Last year, the Oklahoma State legislature passed a new law aimed at increasing penalties for several serious traffic offenses. Aaron's Law is named after Aaron Zentz, a 17 year old from Yukon, Oklahoma. He was killed in 2009 from injuries sustained in an automobile collision when a woman ran a stoplight and struck the car Aaron was driving.
It is Friday morning. As I sit at the back of the courtroom, waiting for the docket to begin, mine eyes are drawn to the long, sad windows on the West wall of the vast, wood laden room. Outside, the fog is lifting, heralding the birth of a day anew. Yet, the angry skies to the North loom menacingly, threatening to wash away the fledgling hopes of sunny warmth. A sharp pain suddenly courses through my left foot. I instinctively turn toward my already throbbing appendage and I am met with a host of brilliantly colored butterflies, fluttering restlessly amid a turbulent ocean of flesh. My gaze rises through wave upon wave of tummy until the sunken eyes belonging to what I imagine was once a human face now stare angrily back at me. A sudden screech emits from engorged lips, morbidly beautified by a sharp silver ring. "Excuse you!" So dies my fleetingly whimsical daydream of rainy silence. So begins the criminal misdemeanor docket at the Cleveland County Courthouse.
To many Oklahomans, understanding the Department of Public Safety Points system is like understanding the IRS Federal Tax Code. For those who live outside Oklahoma or are new to Oklahoma, it is even more confusing. This blog breaks down the basics of the Point System, allowing you to better understand your situation and know what steps to take, should you ever receive a traffic citation.
We have all had that sinking feeling when you look in your rear view mirror and see flashing lights...just the thing to take a good day and send it down the drain. Most of the time a traffic ticket is a mere inconvenience and a chance to tell your friends later that "everyone else was speeding too!" But sometimes, depending on the charge, a ticket can cause real trouble. Your insurance rates could go up and points may be added to your driving record, bringing you closer to more serious consequences like losing your drivers license.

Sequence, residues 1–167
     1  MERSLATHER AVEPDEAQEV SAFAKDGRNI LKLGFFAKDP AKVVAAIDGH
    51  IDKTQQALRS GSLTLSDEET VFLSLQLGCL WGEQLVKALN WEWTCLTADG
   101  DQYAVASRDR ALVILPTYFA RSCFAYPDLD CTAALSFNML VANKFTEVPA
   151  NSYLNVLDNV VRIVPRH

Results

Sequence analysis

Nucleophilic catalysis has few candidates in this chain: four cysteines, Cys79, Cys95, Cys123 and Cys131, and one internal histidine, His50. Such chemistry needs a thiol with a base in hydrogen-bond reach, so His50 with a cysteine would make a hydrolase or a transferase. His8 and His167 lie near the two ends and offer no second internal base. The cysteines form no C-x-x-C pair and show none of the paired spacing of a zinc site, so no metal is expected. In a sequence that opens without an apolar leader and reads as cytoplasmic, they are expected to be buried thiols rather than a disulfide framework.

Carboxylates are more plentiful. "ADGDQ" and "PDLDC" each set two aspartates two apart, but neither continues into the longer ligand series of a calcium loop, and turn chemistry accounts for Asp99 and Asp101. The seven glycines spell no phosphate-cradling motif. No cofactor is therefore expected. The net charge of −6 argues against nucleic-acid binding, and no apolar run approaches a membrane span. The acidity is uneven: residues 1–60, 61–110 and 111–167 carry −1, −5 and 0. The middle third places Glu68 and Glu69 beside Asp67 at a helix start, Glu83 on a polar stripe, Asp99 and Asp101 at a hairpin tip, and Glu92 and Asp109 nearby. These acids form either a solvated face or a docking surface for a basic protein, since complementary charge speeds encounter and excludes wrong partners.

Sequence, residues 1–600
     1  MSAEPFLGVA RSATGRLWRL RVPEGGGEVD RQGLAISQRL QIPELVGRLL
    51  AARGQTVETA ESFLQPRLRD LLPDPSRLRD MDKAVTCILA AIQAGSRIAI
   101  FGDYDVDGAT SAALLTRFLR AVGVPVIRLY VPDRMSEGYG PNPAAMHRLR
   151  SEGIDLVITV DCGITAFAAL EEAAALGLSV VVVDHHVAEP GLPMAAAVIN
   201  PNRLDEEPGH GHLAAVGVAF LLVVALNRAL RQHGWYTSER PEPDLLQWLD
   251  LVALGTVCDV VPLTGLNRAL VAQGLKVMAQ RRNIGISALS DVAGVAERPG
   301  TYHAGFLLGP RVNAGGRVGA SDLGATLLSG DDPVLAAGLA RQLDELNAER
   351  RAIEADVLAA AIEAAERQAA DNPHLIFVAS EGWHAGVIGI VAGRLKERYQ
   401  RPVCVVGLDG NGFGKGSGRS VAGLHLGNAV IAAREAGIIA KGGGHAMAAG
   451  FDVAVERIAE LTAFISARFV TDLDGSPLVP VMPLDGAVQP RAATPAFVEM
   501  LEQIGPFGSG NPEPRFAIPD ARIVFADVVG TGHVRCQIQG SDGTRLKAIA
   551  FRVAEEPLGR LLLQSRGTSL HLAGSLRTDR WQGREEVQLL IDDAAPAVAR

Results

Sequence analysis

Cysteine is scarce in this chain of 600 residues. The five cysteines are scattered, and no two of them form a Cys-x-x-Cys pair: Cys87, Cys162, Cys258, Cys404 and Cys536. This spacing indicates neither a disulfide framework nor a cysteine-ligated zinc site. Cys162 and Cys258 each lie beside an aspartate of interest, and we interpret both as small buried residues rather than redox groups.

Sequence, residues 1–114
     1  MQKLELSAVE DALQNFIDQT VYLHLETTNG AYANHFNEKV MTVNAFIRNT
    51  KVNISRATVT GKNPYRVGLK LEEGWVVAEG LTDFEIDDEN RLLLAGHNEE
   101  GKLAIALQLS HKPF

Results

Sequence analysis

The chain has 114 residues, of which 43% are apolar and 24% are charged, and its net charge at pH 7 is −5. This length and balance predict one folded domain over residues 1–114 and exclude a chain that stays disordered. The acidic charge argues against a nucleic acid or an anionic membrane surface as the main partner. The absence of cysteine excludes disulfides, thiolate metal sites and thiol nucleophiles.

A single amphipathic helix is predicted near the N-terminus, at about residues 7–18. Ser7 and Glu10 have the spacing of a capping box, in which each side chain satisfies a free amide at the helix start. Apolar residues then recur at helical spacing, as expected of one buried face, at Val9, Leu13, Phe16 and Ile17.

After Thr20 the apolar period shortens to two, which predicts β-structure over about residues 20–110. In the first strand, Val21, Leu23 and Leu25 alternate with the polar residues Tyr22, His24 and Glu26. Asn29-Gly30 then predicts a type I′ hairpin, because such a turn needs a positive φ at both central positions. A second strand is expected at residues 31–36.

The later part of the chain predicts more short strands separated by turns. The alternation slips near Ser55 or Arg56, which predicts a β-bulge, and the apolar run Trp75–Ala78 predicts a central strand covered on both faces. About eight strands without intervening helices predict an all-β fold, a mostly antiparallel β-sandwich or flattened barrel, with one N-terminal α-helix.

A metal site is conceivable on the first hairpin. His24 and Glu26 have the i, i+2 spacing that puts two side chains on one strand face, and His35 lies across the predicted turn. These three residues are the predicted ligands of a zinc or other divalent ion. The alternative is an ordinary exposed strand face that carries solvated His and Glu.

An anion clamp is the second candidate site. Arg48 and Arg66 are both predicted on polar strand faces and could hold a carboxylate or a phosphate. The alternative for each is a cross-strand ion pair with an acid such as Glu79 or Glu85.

A new law goes into effect November 1st of this year. The measure significantly alters expungement procedure and eligibility. Oklahoma House Bill 3091 was approved by Governor Mary Fallin on May 4th of this year and has been met by mixed emotions from attorneys and Oklahoman residents alike.
Cleveland County News: The Cleveland County District Attorney's Office, under the authority of DA Greg Mashburn, has issued a district wide policy change. Mug shots, taken at the Cleveland County jail in Norman will no longer be made available to the public. The new rule comes in light of concerns over protecting the privacy rights of those who have been arrested but are later be proven not guilty or acquitted.
Bad news for texting and driving offenders: Most people agree text messaging on your cell phone while driving is dangerous. Unfortunately, this doesn't seem to deter many people, especially young drivers. All of that may be about to change...
A criminal law has been introduced to the Oklahoma State Senate, which would expand the definition of first degree murder. Senate Bill 1066 is aimed at providing express statutory consequences for the state's drug manufacturing and distribution problem. While common sense might suggest that first-degree murder is a simple concept, the legal interpretation provides various elements and situations to which first-degree murder may or may not apply.
This is the second entry in the Criminal Law series. The series is designed to provide our clients and the general public with the basic valuable information they need to be legally protected in times of stress and uncertainty.
A proposed Oklahoma open carry law moved one step closer yesterday. House Bill 2522 easily passed through committee and now moves on to the full state house for consideration. The measure is similar to one that was passed by the state legislature two years ago but vetoed by then Governor Brad Henry. With a Republican in the Governor's Mansion, the chances are much better for passage this time around. The bill has several functions.